Music was a forbidden fruit in the Shook household. River Shook, who tours as Sarah Shook, didn’t follow your typical path toward listening to cool music. There were no early bouts of listening to classic rock radio as a preteen, no teenage digging into an older sibling’s record collection to discover Black Sabbath or Black Flag, no forays into left of the dial, college radio.
“I was not allowed to listen to anything but worship music, or classical music, until my mid-teens,” Shook said. “But then I still wasn’t allowed, I just started to.”
That changed in Shook’s mid-20s, thus influencing the sound of rock band Sarah Shook & The Disarmers, and the indie-rock side project Mightmare.
Sarah Shook & The Disarmers with Mightmare will perform Tuesday at Animas City Theatre. The night will feature an opening set of Shook and Mightmare set, followed by Shook & the Disarmers.
By the time they were 22, Shook had been married, had a kid, been divorced; it was then that Shook met someone whose record collection opened up a new world.
“I had never listened to vinyl, and this person had a record collection that was not expansive, but it was really dense. Just the classics: Buck Owens, Roger Miller, Hank senior, Charlie Pride, Wanda Jackson, Kitty Wells. And it would be a few years later that I started getting my hands on classic, real punk stuff like The Germs, Sex Pistols, Adverts, The Saints, and I feel like the first time I heard real country and the first time I heard real punk, both times it had this real similar feeling of like a homecoming,” Shook said. “It was if my brain lit up, it was like this makes sense to me. I love this, this is home.”
WHAT: Sarah Shook and the Disarmers with Mightmare.
WHEN: 7 p.m. Tuesday.
WHERE: Animas City Theatre, 128 E. College Drive.
MORE INFORMATION: Visit www.animascitytheatre.com.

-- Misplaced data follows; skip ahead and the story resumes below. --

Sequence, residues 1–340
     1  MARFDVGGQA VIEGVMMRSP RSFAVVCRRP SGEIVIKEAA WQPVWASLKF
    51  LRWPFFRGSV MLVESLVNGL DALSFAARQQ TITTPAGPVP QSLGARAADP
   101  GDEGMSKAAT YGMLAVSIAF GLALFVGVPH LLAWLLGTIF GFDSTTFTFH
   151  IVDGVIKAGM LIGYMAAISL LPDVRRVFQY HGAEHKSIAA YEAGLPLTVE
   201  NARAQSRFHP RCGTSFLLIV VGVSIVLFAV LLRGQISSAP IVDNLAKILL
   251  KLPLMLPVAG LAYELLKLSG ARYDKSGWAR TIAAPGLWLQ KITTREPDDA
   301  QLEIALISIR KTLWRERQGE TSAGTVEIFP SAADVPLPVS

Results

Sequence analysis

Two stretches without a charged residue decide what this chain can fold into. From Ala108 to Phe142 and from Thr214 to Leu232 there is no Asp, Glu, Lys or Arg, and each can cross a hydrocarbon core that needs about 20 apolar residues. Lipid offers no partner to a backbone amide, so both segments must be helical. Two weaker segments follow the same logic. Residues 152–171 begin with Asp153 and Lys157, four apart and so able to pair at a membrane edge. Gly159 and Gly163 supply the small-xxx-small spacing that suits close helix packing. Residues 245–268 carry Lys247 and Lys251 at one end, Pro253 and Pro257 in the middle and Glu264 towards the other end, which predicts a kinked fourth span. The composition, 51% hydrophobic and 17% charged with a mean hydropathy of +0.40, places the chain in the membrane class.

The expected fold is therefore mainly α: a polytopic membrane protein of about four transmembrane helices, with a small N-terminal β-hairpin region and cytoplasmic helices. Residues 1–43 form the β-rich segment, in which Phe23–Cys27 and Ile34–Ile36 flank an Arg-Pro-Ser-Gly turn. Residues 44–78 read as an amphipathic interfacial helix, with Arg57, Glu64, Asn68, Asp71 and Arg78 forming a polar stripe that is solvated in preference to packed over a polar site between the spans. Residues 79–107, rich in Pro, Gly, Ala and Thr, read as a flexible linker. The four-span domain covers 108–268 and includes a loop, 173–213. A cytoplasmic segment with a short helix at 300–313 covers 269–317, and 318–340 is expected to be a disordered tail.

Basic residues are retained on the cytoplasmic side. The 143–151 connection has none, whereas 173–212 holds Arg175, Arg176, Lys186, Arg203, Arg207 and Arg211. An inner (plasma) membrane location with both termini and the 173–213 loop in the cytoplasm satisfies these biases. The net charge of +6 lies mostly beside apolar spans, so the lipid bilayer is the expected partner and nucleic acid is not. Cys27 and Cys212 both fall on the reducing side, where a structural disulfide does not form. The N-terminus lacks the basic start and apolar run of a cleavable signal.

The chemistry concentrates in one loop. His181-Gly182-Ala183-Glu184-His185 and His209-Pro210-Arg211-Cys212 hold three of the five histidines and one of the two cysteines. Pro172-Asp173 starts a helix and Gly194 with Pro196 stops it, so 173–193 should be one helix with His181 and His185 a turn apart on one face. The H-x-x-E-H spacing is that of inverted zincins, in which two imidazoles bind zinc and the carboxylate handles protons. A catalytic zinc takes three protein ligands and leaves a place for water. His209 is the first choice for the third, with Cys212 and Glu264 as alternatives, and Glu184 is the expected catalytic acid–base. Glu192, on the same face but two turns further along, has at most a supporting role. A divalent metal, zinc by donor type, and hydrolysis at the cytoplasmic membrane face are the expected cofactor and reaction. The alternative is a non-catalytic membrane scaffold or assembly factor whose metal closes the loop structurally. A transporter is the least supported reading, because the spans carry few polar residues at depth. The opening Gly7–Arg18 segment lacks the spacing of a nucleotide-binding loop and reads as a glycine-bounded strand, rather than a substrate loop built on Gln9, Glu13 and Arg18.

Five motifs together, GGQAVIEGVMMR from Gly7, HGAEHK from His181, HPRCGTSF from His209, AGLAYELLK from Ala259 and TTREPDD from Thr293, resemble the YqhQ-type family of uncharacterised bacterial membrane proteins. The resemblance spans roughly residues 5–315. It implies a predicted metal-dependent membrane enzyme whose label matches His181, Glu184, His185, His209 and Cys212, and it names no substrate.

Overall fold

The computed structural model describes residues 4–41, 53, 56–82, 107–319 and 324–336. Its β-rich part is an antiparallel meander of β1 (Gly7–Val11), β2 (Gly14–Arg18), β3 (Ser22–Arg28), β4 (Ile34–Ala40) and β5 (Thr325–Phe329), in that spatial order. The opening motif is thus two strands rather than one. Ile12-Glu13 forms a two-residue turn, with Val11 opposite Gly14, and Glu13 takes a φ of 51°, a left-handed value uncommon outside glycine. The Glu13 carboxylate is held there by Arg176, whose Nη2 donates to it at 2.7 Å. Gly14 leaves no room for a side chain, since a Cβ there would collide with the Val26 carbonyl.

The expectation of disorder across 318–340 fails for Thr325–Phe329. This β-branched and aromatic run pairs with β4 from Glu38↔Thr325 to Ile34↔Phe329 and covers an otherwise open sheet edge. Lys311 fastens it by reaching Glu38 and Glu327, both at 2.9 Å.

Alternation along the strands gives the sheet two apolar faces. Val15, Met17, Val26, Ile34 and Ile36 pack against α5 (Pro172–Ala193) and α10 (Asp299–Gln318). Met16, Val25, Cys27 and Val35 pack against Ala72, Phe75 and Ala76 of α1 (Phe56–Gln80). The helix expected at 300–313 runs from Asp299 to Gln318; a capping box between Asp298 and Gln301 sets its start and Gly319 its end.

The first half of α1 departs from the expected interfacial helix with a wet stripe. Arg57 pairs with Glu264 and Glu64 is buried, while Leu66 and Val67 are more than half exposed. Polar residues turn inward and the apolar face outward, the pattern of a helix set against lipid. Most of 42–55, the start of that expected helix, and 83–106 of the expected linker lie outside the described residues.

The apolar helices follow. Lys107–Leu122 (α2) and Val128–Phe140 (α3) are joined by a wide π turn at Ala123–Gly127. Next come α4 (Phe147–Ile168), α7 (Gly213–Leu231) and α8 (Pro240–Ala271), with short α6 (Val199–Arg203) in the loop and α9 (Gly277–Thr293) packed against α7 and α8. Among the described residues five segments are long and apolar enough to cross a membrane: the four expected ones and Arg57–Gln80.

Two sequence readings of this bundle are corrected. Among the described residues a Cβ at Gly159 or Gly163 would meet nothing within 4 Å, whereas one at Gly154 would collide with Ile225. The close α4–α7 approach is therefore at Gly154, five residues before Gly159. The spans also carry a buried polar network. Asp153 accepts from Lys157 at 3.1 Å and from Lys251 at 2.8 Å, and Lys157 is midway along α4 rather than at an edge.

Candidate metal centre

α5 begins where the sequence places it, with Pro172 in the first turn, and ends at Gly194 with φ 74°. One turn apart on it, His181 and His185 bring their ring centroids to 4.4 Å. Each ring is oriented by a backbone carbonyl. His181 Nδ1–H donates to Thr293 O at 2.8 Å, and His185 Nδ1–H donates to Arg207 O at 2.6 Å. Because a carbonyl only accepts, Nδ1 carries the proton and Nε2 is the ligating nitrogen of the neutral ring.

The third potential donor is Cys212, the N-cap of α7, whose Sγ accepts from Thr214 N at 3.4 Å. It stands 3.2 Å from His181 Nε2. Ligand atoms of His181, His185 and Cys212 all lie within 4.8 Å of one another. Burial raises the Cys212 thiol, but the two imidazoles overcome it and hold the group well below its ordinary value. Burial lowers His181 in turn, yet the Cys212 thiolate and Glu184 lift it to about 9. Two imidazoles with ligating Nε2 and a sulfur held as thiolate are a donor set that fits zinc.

“Home” set the pace for Shook and band The Disarmers, who since 2013 has dropped four records of twang- and punk-influenced rock ’n’ roll. It’s gritty, underproduced and unpolished, and a damn near perfect union of country and garage rock.
While The Disarmers has been Shook’s main musical outlet, they weren’t enough. Mightmare is the indie-rock side project that came along right as the pandemic started gearing up. Shook, realizing that they could be off the road for awhile, took advantage of the downtime, and started working on a record that wasn’t punk, or county.
“The Disarmers tour about 150 days a year, so being home indefinitely was kind of a game changer, it was a little daunting,” Shook said. “But I just figured I have free time that I never have, so if I don’t use this wisely I’m an idiot.”
For now, Shook is finding happy ground between being part of two bands. The Disarmers will continue to do the punk and twang thing, while Mightmare will fill her indie-rock fix. It’s plenty to keep Shook busy, who will continue to keep bringing her music to anywhere that will have them.
“We just knocked out two singles in two days. We did everything ourselves. We’ve got a single dropping in June, and another single in the fall, and its looking like we’re going to drop another full length in early 2024; and that’s just Mightmare. I’m still writing for the Disarmers, and hopefully we’re going to release a Disarmers single this year as well,” Shook said. “I feel like we’ve picked up some really good momentum and we have a such a good crew of people in both bands right now, just solid musicianship and solid human beings and I feel like now is the time to really push and see how far we can take this thing.”
Bryant Liggett is a freelance writer and KDUR station manager. Reach him at email@example.com.